Tobacco

 

 

Why should I pay attention to tobacco?

Smoking is a major risk factor for cardiovascular disease. Any amount of smoking, even light or occasional, damages the heart and blood vessels. The chemicals in tobacco smoke harm your blood cells, the structure and function of your blood vessels and the function of your heart.

If smoking damages the arteries that supply blood to the heart, it can lead to chest pain, irregular heart rhythm, heart attack, heart failure or death. If smoking damages the arteries that supply blood to other parts of the body, it can lead to peripheral arterial disease, a risk factor for stroke and heart disease.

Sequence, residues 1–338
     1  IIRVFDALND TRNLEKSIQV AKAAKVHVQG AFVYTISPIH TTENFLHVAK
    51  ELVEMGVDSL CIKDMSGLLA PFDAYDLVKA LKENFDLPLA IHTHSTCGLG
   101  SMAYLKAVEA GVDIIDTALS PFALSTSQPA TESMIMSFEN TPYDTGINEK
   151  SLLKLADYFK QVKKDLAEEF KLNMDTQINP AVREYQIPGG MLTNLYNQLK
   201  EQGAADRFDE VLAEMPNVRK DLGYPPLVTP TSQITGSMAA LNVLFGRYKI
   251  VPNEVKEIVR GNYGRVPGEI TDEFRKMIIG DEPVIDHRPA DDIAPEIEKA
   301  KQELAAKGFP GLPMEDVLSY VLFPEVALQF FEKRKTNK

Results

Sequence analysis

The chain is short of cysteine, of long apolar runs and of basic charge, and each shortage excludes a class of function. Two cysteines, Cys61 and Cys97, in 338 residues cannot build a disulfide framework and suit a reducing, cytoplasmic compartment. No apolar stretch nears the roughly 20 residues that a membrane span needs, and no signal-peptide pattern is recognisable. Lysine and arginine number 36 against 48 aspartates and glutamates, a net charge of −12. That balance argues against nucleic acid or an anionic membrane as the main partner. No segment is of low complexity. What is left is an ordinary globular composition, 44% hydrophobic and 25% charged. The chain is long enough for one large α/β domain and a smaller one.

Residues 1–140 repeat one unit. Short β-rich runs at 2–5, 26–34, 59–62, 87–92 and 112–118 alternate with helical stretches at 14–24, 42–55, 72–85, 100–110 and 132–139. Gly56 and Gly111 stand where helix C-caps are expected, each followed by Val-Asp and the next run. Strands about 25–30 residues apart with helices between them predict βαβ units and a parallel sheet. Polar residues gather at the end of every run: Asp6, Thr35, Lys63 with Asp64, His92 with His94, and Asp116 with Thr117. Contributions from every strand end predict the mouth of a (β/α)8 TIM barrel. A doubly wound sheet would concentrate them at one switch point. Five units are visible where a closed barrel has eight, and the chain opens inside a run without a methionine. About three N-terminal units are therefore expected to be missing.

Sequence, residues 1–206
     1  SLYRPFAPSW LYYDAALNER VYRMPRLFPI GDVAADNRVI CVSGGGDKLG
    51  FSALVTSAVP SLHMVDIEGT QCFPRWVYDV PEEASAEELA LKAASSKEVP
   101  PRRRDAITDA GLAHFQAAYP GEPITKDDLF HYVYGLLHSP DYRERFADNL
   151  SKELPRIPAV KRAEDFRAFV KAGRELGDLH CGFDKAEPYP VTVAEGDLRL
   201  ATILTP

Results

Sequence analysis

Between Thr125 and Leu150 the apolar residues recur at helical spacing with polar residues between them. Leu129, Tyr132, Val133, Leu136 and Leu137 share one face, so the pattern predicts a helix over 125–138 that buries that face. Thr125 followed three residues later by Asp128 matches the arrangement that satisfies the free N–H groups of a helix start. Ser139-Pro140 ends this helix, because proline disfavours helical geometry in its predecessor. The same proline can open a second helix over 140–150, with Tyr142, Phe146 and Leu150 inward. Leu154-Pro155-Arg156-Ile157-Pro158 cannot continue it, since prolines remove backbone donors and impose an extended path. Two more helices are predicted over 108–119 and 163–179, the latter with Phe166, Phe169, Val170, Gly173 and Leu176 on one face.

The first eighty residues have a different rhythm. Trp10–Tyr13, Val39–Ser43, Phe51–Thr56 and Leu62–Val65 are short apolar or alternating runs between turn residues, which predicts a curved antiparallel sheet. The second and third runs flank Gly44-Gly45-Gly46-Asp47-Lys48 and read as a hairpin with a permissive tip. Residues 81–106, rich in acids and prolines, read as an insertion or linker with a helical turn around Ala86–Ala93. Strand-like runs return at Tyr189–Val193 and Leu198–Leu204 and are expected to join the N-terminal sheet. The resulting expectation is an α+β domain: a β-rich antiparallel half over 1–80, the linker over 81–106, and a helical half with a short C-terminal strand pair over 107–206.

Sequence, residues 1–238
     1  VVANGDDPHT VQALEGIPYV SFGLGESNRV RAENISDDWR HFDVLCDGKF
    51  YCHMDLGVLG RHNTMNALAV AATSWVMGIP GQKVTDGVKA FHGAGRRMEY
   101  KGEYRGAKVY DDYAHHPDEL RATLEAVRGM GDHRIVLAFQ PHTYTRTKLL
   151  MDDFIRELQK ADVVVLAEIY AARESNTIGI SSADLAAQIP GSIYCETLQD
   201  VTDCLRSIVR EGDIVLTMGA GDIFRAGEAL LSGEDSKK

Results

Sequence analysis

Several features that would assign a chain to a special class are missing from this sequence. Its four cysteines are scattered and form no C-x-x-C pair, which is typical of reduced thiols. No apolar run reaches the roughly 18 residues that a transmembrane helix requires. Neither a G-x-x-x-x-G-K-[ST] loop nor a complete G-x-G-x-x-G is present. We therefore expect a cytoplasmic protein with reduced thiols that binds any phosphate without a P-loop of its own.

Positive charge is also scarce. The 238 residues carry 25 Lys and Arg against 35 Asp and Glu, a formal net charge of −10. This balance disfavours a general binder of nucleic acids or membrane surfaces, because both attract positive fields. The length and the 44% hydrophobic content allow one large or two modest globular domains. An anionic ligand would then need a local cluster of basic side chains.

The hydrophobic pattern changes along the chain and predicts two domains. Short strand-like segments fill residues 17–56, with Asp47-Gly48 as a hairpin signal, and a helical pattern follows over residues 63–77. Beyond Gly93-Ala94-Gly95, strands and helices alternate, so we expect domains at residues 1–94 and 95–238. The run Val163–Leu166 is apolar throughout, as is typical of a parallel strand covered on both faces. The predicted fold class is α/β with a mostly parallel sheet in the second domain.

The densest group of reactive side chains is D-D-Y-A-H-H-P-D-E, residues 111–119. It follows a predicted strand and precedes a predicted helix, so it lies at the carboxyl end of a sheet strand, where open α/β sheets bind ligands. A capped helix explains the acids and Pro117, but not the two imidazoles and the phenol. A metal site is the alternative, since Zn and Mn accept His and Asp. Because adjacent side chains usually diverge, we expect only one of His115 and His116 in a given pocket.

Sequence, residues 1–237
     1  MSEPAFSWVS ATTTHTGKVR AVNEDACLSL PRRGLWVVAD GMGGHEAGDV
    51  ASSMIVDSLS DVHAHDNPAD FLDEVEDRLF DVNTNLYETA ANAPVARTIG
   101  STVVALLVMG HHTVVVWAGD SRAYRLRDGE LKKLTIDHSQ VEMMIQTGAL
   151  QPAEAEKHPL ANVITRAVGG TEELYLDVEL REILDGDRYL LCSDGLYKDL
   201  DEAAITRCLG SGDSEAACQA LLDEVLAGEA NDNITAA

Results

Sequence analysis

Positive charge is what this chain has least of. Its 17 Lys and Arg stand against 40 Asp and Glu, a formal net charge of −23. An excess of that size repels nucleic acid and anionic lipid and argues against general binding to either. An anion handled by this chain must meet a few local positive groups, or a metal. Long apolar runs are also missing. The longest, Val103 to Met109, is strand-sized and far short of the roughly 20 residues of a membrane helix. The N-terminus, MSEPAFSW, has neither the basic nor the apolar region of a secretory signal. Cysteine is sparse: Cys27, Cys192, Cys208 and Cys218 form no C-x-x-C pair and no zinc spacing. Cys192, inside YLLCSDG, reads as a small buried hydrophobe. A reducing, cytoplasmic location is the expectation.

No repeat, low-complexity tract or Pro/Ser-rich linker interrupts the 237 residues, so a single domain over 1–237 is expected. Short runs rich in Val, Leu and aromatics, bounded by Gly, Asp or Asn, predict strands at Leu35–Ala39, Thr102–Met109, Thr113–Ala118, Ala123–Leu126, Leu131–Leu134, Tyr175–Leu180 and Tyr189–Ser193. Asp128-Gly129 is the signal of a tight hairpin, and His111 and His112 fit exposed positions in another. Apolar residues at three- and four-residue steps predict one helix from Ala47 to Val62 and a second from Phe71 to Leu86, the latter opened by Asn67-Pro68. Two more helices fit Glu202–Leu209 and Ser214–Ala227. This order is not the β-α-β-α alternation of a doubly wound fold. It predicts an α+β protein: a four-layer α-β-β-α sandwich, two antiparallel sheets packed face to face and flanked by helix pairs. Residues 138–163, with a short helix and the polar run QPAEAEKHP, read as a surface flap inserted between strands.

Secondhand smoke also greatly increases the risk of heart attack and death. Each year, an estimated 46,000 nonsmokers die in the U.S. from heart disease caused by secondhand smoke.

How can I reduce my risk?

If you smoke, quitting will reduce your risk of developing and dying from heart disease. That’s true regardless of how long or how much you’ve smoked. If you are a smoker with heart disease, quitting will reduce your risk of sudden cardiac arrest and other complications. Quitting actually helps reverse heart and blood vessel damage and reduces your risk, so it’s never too late to quit.

Avoiding secondhand smoke can also help reverse heart and blood vessel damage and reduce your risk of developing heart disease.

How can I quit smoking?

Quitting is hard, but it can be done. Visit smokefree.gov for tips and more information.